The Presidential Award for Early Career Scientists and Engineers was established in 1996 and is the highest honor bestowed by the U.S. government on outstanding scientists and engineers beginning their independent careers. [emphasis mine] Awardees are selected on the basis of two criteria: pursuit of innovative research at the frontiers of science and technology; and a commitment to community service as demonstrated through scientific leadership, public education or community outreach. Winning scientists are awarded a research grant for up to five years to further their studies in support of critical government missions. This year, eleven federal departments and agencies nominated 100 young scientists and engineers who showed exceptional promise for leadership in science and technology. Drs. Hinds and Torres are 2 of 12 NIH grantees to receive the prestigious PECASE award.

According to the NIDA press release:

Bruce J. Hinds, III, Ph.D., associate professor of chemical and materials engineering at the University of Kentucky, is being recognized for his work to improve the delivery of drugs that treat nicotine dependence through a novel skin patch. Gonzalo E. Torres, Ph.D., assistant professor of neurobiology at the University of Pittsburgh School of Medicine, is being cited for his research on cellular and molecular regulation in the brain and its relationship to psychiatric disorders and drug addiction.

As I’ve remarked previously, NIDA is one of the NIH Institutes and Centers with a very active public relations and news office so this was the only press release I found. However, ten other NIH-funded scientists also received the PECASE; here’s the complete list:

Thomas P. Cappola, M.D., Sc.M. (University of Pennsylvania School of Medicine)
His research on the use of genetic and genomic approaches for studying ventricular remodeling in humans is supported by a grant from the National Heart Lung and Blood Institute (NHLBI).
Pablo A. Celnik, M.D. (Johns Hopkins Hospital)
His research on the underlying mechanisms of plasticity in the central nervous system in order to develop novel therapeutic approaches that promote recovery of function following an injury is supported by a grant from the Eunice Kennedy Shriver National Institute on Child Health and Human Development (NICHD).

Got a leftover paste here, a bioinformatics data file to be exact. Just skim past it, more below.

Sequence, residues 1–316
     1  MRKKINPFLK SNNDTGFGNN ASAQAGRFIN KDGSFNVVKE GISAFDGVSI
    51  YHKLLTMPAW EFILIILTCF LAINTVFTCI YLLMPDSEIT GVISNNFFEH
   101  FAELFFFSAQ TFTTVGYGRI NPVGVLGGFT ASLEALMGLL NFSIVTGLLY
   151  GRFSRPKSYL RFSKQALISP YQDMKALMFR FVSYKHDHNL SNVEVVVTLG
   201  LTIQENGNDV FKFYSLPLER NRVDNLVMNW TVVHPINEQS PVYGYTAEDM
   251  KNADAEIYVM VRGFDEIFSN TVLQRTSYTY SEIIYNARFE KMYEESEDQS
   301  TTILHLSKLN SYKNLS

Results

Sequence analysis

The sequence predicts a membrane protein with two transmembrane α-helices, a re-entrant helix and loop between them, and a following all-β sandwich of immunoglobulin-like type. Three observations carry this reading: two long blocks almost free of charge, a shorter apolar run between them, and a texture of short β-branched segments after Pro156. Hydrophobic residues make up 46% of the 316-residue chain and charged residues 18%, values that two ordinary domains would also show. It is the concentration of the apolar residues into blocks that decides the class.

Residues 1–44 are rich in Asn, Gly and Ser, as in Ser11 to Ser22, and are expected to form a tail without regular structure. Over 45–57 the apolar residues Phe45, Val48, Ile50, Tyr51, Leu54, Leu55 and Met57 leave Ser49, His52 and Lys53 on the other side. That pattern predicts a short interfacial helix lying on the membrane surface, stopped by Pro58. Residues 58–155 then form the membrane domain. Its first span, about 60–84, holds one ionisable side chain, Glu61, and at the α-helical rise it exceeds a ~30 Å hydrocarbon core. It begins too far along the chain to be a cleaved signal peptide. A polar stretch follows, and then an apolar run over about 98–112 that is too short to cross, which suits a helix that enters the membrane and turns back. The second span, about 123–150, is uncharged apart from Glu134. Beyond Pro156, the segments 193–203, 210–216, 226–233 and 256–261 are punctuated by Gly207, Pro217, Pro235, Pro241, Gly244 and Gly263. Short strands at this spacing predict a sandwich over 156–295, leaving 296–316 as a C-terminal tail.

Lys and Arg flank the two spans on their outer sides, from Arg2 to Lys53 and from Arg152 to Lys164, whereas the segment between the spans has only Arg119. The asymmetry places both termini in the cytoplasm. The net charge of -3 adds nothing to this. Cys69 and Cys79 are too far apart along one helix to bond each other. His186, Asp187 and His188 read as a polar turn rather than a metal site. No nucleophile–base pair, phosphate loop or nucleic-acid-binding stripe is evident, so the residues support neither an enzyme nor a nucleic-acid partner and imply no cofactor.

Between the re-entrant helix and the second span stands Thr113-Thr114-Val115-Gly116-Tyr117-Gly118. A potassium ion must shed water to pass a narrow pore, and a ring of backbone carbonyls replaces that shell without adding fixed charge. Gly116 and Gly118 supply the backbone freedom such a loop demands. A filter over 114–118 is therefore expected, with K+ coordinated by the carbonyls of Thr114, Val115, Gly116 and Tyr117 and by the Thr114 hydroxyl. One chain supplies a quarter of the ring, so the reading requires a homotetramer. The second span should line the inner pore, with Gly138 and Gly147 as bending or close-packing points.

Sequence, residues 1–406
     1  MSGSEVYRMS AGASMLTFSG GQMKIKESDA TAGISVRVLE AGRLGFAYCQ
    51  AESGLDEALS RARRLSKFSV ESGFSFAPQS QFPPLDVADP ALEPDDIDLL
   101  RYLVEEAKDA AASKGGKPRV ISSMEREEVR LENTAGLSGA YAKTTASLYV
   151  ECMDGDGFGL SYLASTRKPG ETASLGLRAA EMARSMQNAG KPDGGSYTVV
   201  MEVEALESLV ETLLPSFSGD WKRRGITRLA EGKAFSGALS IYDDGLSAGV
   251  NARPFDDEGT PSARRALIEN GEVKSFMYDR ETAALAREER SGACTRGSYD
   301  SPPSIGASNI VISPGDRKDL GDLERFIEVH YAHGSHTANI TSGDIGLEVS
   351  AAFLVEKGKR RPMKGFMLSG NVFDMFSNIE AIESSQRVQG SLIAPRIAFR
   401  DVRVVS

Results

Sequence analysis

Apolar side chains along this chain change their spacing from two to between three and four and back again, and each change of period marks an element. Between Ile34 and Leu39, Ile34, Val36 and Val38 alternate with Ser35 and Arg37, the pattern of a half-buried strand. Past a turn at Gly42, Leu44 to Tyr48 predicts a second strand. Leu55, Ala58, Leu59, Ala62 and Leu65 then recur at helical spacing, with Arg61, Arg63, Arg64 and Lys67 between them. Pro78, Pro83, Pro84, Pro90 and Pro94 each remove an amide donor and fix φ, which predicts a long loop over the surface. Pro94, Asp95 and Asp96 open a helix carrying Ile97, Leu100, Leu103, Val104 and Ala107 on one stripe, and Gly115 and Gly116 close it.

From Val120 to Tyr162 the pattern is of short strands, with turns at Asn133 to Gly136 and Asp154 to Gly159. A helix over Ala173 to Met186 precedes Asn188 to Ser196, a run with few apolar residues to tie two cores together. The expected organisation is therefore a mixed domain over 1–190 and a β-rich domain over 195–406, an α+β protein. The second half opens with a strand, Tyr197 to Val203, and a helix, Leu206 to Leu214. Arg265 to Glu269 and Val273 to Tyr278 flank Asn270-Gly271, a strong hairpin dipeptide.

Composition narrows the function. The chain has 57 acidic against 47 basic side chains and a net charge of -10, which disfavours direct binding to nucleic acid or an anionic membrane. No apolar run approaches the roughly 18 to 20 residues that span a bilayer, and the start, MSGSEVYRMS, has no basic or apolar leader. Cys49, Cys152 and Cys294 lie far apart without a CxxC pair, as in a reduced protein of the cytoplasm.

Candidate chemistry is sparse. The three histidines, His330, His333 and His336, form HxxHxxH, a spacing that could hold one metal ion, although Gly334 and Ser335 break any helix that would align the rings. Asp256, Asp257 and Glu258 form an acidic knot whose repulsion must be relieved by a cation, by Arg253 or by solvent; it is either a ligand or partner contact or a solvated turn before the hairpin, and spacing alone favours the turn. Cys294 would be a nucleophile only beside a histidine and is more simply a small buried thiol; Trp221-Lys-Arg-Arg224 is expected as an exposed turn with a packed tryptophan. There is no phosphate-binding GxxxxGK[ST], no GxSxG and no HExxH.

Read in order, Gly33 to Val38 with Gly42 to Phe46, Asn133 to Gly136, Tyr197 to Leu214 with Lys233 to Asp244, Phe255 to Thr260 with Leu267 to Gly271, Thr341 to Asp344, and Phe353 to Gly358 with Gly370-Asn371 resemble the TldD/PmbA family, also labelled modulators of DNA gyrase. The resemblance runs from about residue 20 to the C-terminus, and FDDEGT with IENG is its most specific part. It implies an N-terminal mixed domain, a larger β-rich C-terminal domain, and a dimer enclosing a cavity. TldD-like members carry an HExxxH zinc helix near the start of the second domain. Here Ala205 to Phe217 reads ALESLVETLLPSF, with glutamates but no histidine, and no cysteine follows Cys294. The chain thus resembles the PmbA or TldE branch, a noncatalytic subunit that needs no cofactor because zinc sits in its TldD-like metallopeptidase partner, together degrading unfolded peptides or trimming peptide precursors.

Felicia D. Goodrum, Ph.D. (University of Arizona)
Her research on hematopoetic progenitor cells and their influence on latency in human cytomegalovirus infections is supported by a grant from the National Institute on Allergy and Infectious Diseases (NIAID).
Bruce J. Hinds, III, Ph.D. (University of Kentucky)
His research on the use of gated carbon nanotube membranes for transdermal drug delivery is supported by a grant from National Institute on Drug Abuse (NIDA).
Helen H. Lu, Ph.D. (Columbia University)
Her work on the use of biomimetic scaffolds to promote chondrocyte-mediated regeneration of the interface between soft tissue and bone is supported by a grant from the National Institute on Arthritis Musculoskeletal and Skin Diseases (NIAMS).
Ulrike Peters, Ph.D., M.P.H. (Fred Hutchinson Cancer Research Center)
Her research on selenium and the interaction of genetic variations and nutrition on cancer prevention is supported by the National Cancer Institute (NCI).
Jeremy F. Reiter, M.D., Ph.D. (University of California at San Francisco)
His research on the role of the proto-oncogene Smoothened and its interaction with the primary cilium in the development of cancer is supported by a grant from the National Institute on Arthritis Musculoskeletal and Skin Diseases (NIAMS).
Marisa Roberto, Ph.D. (The Scripps Research Institute)
Her research on neuropeptides, neuronal function and synaptic communication related to alcohol and other drugs of abuse is supported by a grant from the National Institute on Alcoholism and Alcohol Abuse (NIAAA).
Erica Ollmann Saphire, Ph.D. (The Scripps Research Institute)
Her studies on the role of glycoproteins in the pathogenicity and immunogenicity of Ebola virus is supported by a grant from the National Institute of Allergy and Infectious Diseases (NIAID).
Oscar E. Suman, Ph.D. (Shriner’s Hospital for Children, University of Texas Medical Branch)
His research on supervised and structured aerobic and resistance exercise on muscle mass and bone mass in severely burned children is supported by a grant from the Eunice Kennedy Shriver National Institute on Child Health and Human Development (NICHD).
Kristin V. Tarbell, Ph.D. (National Institutes of Health Intramural Research Program)
Her research on the role of dendritic cells on T cell mediated autoimmune diseases such as diabetes is supported by the National Institute on Diabetes and Digestive and Kidney Diseases (NIDDK).
Gonzalo E. Torres, Ph.D. (University of Pittsburgh)
His research on cellular and molecular regulation of monoamine transporters in brain and the relationship to psychiatric disorders and drug addiction is supported by a grant from the National Institute on Drug Abuse (NIDA).

We often don’t do enough in the biomedical sciences to promote the work of early-career investigators. But these people are our future. Their current work and future promise should be promoted and, more importantly, supported financially.
Congratulations to all of this year’s Presidential Early Career Award recipients.